Ancient Roots Of Modern Thailand

by bria4123 on May 22, 2012

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For a humongous city bisected by a river, Bangkok has few bridges. I had to take a boat to cross the river from the area around the royal palace to Wat Arun.

But in the water, I found myself in Thailand’s spiritual heart.

Four monks in orange robes placidly boarded and sat next to me. Their calmness and rippling gowns blended with the gentle water as we slowly approached the wat. Lots of long and narrow vessels serve as taxis between both banks. Their hulls curve upwards at both ends as gracefully as a classical dancer’s hand movements. These boats blend with the gentle waters and the flowing forms of the monuments that they sail by.

Shortly after Bangkok was established as the Thai capital in 1782, Wat Arun, Wat Pho, and the royal palace (above) were built. The palace and Wat Pho sprawl next to each other on the Bangkok side of the river, and Wat Arun is directly across. So Bangkok’s people see their towers together every day. They project lilting forms that slowly shift as people float by. The spires softly glow like pearls during sunrise and sunset.

The last post looked at the West’s love of straight lines and static geometric forms. But Thais stress graceful flow in their art. It’s not static–it moves, but in a gentle way, like a river, a Buddhist procession, a classical dance, a long boat and the ways people amble in daily life. All these experiences blend in limitless ways, and they reinforce each other as basic reality. Thai temple spires are excellent examples of how art forms mirror all these dimensions in Thai life and thought.

These blends reflect ways of life that are ancient. The above photo is from the capital which preceded Bangkok, Ayutthaya. And they go back much farther, to traditional village life.

Bangkok’s royal palace, Wat Pho and Wat Arun, and the elegant boats flowing between them comprise enduring truth and order in the steamy modern city. The blends of delicately rippling forms are models of grace and serenity.

And this focus on smooth undulating forms and motions reflects Thais’ ancient past. The art and ideas that a society finds most meaningful reflect an infinitely rich cultural landscape.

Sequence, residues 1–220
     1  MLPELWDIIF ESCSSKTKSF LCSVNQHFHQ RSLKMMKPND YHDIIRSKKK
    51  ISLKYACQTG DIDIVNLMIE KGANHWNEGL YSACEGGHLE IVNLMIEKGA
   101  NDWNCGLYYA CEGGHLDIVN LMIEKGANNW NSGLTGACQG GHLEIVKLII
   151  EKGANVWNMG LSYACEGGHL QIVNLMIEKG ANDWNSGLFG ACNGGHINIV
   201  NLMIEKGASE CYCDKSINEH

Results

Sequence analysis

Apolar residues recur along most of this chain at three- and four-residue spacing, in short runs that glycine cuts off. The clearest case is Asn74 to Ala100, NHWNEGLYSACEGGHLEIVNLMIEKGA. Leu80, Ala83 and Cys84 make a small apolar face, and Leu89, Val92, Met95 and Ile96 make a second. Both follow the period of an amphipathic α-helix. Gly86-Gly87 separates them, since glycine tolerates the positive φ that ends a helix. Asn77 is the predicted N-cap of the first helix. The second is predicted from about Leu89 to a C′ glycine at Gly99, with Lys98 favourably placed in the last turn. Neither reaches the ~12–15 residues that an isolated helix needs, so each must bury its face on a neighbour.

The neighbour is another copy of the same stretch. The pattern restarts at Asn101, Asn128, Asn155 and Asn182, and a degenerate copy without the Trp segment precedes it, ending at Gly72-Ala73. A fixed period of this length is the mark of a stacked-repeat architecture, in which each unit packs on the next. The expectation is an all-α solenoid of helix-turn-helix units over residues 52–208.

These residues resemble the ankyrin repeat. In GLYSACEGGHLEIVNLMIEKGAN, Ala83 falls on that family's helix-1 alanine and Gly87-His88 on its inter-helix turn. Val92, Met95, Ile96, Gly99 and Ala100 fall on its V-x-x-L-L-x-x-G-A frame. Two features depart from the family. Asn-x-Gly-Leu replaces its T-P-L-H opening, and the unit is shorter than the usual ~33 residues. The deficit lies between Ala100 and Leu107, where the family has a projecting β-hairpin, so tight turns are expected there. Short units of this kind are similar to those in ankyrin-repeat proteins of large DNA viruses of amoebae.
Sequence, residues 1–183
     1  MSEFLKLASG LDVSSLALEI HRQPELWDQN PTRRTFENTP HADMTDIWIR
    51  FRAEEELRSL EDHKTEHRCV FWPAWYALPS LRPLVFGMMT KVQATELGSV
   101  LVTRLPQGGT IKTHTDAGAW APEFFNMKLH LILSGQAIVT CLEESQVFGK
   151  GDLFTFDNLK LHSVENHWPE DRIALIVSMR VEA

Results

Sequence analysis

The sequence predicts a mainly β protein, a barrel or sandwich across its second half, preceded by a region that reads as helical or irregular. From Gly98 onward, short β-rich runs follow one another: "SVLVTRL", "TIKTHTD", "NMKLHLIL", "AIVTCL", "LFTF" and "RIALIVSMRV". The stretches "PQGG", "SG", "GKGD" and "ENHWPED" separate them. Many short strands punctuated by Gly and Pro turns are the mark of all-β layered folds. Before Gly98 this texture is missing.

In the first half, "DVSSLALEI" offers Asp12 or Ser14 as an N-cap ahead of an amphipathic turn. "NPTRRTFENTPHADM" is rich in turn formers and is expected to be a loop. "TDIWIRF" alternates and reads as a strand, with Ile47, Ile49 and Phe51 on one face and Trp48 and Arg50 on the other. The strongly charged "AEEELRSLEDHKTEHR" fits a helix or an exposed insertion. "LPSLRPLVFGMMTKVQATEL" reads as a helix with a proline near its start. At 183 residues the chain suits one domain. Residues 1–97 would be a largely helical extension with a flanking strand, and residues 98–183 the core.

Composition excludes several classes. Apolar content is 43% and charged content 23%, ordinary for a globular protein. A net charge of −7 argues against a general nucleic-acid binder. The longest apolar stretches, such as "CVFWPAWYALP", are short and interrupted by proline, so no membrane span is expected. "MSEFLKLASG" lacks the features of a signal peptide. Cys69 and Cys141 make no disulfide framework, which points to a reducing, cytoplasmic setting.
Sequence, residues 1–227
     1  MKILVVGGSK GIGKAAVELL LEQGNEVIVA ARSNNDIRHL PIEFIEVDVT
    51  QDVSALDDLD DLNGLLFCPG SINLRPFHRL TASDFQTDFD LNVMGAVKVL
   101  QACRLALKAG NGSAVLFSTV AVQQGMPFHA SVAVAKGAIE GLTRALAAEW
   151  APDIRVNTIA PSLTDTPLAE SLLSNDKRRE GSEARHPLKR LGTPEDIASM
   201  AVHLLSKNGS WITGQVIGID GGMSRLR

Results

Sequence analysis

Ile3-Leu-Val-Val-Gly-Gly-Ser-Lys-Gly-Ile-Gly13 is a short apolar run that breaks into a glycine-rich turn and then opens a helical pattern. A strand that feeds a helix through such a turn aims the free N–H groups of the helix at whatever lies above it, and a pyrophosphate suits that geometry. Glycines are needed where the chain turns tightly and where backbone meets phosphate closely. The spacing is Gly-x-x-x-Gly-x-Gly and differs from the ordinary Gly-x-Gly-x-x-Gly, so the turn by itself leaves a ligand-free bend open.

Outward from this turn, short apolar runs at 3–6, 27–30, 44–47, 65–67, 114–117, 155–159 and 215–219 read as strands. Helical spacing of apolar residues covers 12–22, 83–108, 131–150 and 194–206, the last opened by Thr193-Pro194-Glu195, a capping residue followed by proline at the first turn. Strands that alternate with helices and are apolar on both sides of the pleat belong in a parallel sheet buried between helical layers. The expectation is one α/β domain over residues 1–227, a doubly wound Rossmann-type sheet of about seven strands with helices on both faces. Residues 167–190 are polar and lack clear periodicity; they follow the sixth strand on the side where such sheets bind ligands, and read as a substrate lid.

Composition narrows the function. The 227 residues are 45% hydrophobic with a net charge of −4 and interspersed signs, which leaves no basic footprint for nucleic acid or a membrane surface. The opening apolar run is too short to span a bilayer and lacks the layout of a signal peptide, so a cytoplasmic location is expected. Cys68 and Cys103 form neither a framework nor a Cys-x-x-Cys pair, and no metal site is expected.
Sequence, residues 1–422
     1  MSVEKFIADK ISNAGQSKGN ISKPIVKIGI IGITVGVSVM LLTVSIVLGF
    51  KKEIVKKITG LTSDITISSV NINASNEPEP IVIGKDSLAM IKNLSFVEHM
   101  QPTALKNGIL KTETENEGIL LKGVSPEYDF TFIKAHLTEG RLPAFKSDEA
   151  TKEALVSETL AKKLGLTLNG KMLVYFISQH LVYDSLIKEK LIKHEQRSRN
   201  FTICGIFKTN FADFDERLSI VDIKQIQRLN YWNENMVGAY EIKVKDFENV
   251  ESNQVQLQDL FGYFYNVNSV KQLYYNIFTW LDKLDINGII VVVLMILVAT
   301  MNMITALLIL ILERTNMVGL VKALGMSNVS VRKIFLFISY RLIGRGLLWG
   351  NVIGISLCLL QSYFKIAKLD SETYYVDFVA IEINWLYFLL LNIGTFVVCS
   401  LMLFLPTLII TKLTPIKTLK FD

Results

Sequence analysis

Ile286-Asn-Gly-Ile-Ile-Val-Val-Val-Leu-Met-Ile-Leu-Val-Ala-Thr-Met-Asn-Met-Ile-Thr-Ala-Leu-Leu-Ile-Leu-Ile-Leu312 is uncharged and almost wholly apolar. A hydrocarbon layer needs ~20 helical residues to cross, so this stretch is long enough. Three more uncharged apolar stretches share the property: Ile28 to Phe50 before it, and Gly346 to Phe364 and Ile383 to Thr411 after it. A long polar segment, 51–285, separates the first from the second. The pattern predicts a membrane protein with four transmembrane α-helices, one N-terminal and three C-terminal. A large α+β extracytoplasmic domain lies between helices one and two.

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{ 2 comments… read them below or add one }

paul chong July 7, 2012 at 7:03 am

Hi Brian,

If you have the time, Chang Mai is another good place to visit. Seems some temple there were constructed when the city was built (14th -15th Century) and are still standing. Lanna style buildings.

Also, there’s a book called Makyung, The Mystical Heritage of Malaysia compiled by Rahimidin Zahari. An ancient theatre/ drama artform. Wayang Kulit and Kuda Kepang we know but seldom we hear of Makyung.

And if you transit through Singapore, a visit to the Buddha Tooth Relic temple is recommended.

Regards

Paul

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hermes7 August 22, 2012 at 7:42 am

Hi Paul,

I just arrived in Sukhothai today, from Chiang Mai. I enjoyed CM even more than I did when I was there 5 years ago. I instantly loved Lan Na art, so I went through more than 20 temples there. I also visited Nan, Phrae, Chiang Rai, Chiang Saen and Chiang Khong on this trip. All except Chiang Khong have great Lan Na art. I took thousands of pics.

Thanks for the book title. I haven’t heard of Makyung either. I’ve transited thorugh Singapore before, but I never saw the Buddha Tooth Relic temple. Thanks for the recommendation. I might to back to India in early 2014, so maybe I’ll be able to see it then.

Brian

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